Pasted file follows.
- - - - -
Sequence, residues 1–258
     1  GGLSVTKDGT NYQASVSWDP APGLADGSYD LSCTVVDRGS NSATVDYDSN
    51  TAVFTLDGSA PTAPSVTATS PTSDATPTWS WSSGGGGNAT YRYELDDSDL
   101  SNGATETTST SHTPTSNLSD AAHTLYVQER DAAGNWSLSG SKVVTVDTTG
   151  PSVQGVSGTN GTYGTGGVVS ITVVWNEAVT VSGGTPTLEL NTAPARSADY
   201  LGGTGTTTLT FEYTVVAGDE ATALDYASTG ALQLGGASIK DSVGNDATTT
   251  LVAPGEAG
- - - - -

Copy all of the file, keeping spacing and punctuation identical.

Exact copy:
Sequence, residues 1–258
     1  GGLSVTKDGT NYQASVSWDP APGLADGSYD LSCTVVDRGS NSATVDYDSN
    51  TAVFTLDGSA PTAPSVTATS PTSDATPTWS WSSGGGGNAT YRYELDDSDL
   101  SNGATETTST SHTPTSNLSD AAHTLYVQER DAAGNWSLSG SKVVTVDTTG
   151  PSVQGVSGTN GTYGTGGVVS ITVVWNEAVT VSGGTPTLEL NTAPARSADY
   201  LGGTGTTTLT FEYTVVAGDE ATALDYASTG ALQLGGASIK DSVGNDATTT
   251  LVAPGEAG